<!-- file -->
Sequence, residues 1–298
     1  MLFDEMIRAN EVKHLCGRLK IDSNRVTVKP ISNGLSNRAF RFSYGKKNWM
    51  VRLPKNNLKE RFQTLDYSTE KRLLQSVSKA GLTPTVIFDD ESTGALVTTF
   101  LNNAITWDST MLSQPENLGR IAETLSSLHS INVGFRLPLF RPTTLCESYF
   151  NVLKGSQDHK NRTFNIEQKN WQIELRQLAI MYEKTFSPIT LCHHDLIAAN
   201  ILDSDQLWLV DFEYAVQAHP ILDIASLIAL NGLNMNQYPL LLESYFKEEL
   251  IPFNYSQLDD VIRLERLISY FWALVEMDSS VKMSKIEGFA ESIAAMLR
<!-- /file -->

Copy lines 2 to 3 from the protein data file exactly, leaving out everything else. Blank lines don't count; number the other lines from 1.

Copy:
     1  MLFDEMIRAN EVKHLCGRLK IDSNRVTVKP ISNGLSNRAF RFSYGKKNWM
    51  VRLPKNNLKE RFQTLDYSTE KRLLQSVSKA GLTPTVIFDD ESTGALVTTF